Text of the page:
If the Word Motorcycling Championship officials had known who had just been born on February 16, 1979 in Urbino, Italy, and the type of impact that person would have on their organization in the future, they would’ve celebrated his birthday then and every year since.
Valentino Rossi, or Rossifumi, or Valentinik, or lately ‘The Doctor’, is exactly the type of personality any kind of organization would love to have in its ranks. His simple presence is like a magnet of popularity. There are people watching the MotoGP Championship who probably never before considered spending five minutes in front of the TV set watching any kind of racing, all because of him. One thing is for sure, the huge increase in popularity the World Motorcycle Championship has experienced in recent years is partly due to his presence.
Born into a racing family, Valentino Rossi first rode a bike at the age of two. His father, Graziano Rossi, also a former moto-rider, and his mother, Stefania, both encouraged him to take up some type of motorsport. First he turned to go-karts, however, despite the successes he had, as time proved it’d be a much too expansive path to take, he switched to mini-moto racing.
In mini-moto signs of a great champion-to-be were already starting to show. He won race after race but soon outgrew the tiny bikes both in talent and size.
Word has it Rossi pretty much scrapped his first 125cc motorcycle, one that he acquired to race in the Italian Sport Production Championship, in the very first corner. As soon as the bike got repaired he crashed it again in the second corner.
This alone would’ve been able to turn anybody off, and make one give serious thought to whether motorcycle racing was the right way to go or not. Not Rossi, though. He bounced back to finish in 9th position in that race and the following season won the championship on a Cagiva Mito 125 cc provided by Claudio Lusuardi, who obviously saw the talent in Rossi’s previous, inconsistency-plagued season performance.
The actual beginning of the grand prix racing legend, that is Valentino Rossi today, can be pinpointed to 1996. It was the year he dived head-first into the hectic world of the 125cc World Motorcycle Championship on an AGV Aprilia RS125R. Even though his first season didn’t go well at all, in later seasons he rose to the challenge again and in 1997 he bagged the championship.
The Doctor wasted no time at all, and as if he had already set his mind on a clear goal, moved on into the 250cc championship as part of Aprilia’s “dream team” trio: himself, Loris Capirossi and Tetsuya Harada.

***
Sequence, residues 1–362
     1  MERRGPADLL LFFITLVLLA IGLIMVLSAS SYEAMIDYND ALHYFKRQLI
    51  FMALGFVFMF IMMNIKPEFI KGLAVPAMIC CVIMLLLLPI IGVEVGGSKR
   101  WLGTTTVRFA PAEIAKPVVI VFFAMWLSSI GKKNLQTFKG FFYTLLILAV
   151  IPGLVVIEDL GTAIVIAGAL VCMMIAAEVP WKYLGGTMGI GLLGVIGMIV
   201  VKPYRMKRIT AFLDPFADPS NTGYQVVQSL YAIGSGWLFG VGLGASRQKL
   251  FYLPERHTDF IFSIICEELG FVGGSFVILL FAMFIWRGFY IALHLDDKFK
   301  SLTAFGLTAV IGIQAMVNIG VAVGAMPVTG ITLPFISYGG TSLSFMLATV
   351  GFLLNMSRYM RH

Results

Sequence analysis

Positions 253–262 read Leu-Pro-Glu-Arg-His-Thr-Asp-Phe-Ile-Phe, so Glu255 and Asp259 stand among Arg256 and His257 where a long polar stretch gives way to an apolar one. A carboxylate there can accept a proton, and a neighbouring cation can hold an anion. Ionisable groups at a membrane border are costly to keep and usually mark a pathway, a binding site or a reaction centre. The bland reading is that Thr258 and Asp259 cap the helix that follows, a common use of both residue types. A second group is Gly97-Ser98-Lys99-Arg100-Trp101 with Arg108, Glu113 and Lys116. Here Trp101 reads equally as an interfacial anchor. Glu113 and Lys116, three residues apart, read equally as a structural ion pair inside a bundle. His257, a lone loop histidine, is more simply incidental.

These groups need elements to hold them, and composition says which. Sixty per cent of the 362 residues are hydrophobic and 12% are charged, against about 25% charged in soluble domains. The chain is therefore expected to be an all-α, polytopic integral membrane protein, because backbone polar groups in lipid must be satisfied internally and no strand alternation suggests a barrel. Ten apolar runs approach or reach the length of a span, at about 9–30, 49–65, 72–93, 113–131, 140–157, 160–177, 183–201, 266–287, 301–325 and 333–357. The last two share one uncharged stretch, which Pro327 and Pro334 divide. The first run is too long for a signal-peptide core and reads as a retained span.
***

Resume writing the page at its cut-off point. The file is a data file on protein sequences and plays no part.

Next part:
In a manner that was slowly becoming a Rossi trademark, he spent the first season in 250cc struggling and learning the ropes, only to jump straight to the top the following season and again win the championship.
At this point it was already like everybody expected him to be capable of miracles after the usual one season training session.
In 2000 – as expected – he moved straight to the top (the 500cc class) onto a Honda NSR 500. Despite the fact that he had a number of thorns in his side (a bitter yet often comic rivalry with fellow Italian rider Max Biaggi) the analytic race machine that Valentino Rossi had become, was already put in motion and there was no power in the Universe that could stop him from winning the 2001 500cc World Championship.
Later it turned out it would’ve been his only opportunity had he not secured the win, as starting with the 2002 season the 500cc class disappeared from the World Motorcycle Championship schedule, only to give room to the MotoGP class. (989cc bikes with four stroke engines)
The MotoGP proved to be just another opportunity for Rossi to shine. He won the inaugural – 2002 – championship and also secured the 2003 one, quite dominantly, in the saddle of the seemingly unstoppable Honda RC211V.
Rossi’s critics were fast to point out that this phenomenal machine and not his talent could be the main “culprit” for his success.
To prove them wrong he moved to the - then struggling – Yamaha stable, and won the 2004 championship. Simple as that. It was that year, that they say he developed a fierce rivalry with Honda’s rider, Spaniard Sete Gibernau. The two battled for the championship all the way up to Rossi’s victory in Phillip Island, the penultimate race of the season.
Following this Rossi has pretty darn well taken the championship in 2005 too, and is presently in contention for the 2006 championship.
At some point in time there will probably be someone better than Rossi in the WMC. I for one, am looking forward to that moment. Not because I’d like to see Rossi beaten, but much rather to see what it actually takes to overcome The Doctor.
Till then, I’ll just root for him.